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Quality of Life Research

, Volume 21, Issue 7, pp 1267–1278 | Cite as

Psychometric evaluation of the Cystic Fibrosis Questionnaire-Revised in a national sample

  • Alexandra L. Quittner
  • Gregory S. Sawicki
  • Ann McMullen
  • Lawrence Rasouliyan
  • David J. Pasta
  • Ashley Yegin
  • Michael W. Konstan
Article

Abstract

Purpose

The psychometric properties of a health-related quality of life (HRQOL) instrument, the Cystic Fibrosis Questionnaire-Revised (CFQ-R), were evaluated in a national sample of patients with cystic fibrosis (CF).

Methods

The Epidemiologic Study of CF is a national, multicenter, longitudinal cohort study containing CFQ-R and health outcomes data. Developmentally appropriate versions of the CFQ-R were available from 7,330 patients aged 6–70 years and a proxy version from 2,728 parents of school-age children. The CFQ-R was completed during a “stable” or “sick” visit before recording health outcomes such as weight, lung function, and pulmonary exacerbations.

Results

There were few floor and ceiling effects and strong internal consistency (Cronbach alpha ≥0.70) for most scales. The CFQ-R consistently discriminated between patients seen for sick-versus-well visits, and among stages of disease severity based on lung function. As predicted, women with CF reported worse HRQOL than men on scales not related to body image and weight. Strong parent–child agreement was found on scales measuring observable behaviors (respiratory symptoms). Convergence between CFQ-R scales and health outcomes provided evidence of construct validity.

Conclusions

The CFQ-R demonstrated robust psychometric properties and consistent associations with health outcomes in a large national sample.

Keywords

Cystic fibrosis Health-related quality of life Psychometric properties Patient-reported outcomes 

Abbreviations

ANOVA

Analysis of variance

BMI

Body mass index

CF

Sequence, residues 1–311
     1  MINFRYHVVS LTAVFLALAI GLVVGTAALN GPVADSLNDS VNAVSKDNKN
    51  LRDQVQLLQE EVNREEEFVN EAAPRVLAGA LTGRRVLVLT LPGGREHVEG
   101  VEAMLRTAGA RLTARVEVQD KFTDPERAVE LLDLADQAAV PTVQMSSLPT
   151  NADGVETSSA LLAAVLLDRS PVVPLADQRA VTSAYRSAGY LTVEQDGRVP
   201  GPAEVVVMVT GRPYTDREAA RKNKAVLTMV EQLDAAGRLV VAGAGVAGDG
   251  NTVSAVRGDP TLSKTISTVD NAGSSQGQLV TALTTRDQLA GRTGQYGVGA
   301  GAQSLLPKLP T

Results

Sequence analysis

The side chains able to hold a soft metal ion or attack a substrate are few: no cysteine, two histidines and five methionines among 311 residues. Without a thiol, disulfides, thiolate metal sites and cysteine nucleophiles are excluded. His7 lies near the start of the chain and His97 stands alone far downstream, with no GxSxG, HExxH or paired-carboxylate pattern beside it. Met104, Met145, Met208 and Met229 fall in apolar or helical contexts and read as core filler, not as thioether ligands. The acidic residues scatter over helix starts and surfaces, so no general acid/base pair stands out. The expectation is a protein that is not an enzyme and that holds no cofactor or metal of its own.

Cystic fibrosis

CFQ-R

Cystic Fibrosis Questionnaire-Revised

ESCF

Epidemiologic Study of Cystic Fibrosis

FEV1

Forced expiratory volume in 1 s

HRQOL

Health-related quality of life

IV

Intravenous

MID

Minimal important difference

PRO

Patient-reported outcome

SF-36

36-Item Short Form Health Survey

Notes

Acknowledgments

All sources of support for the ESCF in the form of grants, case report forms, and data analysis were provided by Genentech, Inc., South San Francisco, California.

Conflict of interest

This study is sponsored by Genentech, Inc. Alexandra Quittner, Greg Sawicki, Ann McMullen, and Michael Konstan have received honoraria from Genentech for serving as members of the Scientific Advisory Group for the Epidemiologic Study of Cystic Fibrosis (ESCF). Alexandra Quittner and Michael Konstan have served as consultants to Genentech. No compensation was provided to these authors in exchange for the production of this manuscript. Lawrence Rasouliyan and David Pasta are employees of ICON Late Phase & Outcomes Research, which was paid by Genentech for providing analytical services for this study. Ashley Yegin is an employee of Genentech.

Supplementary material

11136_2011_36_MOESM1_ESM.pdf (96 kb)
Supplementary material 1 (PDF 95 kb)

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Copyright information

© Springer Science+Business Media B.V. 2011

Authors and Affiliations

  • Alexandra L. Quittner
    • 1
  • Gregory S. Sawicki
    • 2
  • Ann McMullen
    • 3
  • Lawrence Rasouliyan
    • 4
  • David J. Pasta
    • 4
  • Ashley Yegin
    • 5
  • Michael W. Konstan
    • 6
  1. 1.University of MiamiMiamiUSA
  2. 2.Children’s Hospital BostonBostonUSA
  3. 3.University of Rochester Medical CenterRochesterUSA
  4. 4.ICON Late Phase and Outcomes ResearchSan FranciscoUSA
  5. 5.Genentech, Inc.South San FranciscoUSA
  6. 6.Rainbow Babies and Children’s Hospital and Case Western Reserve University School of MedicineClevelandUSA

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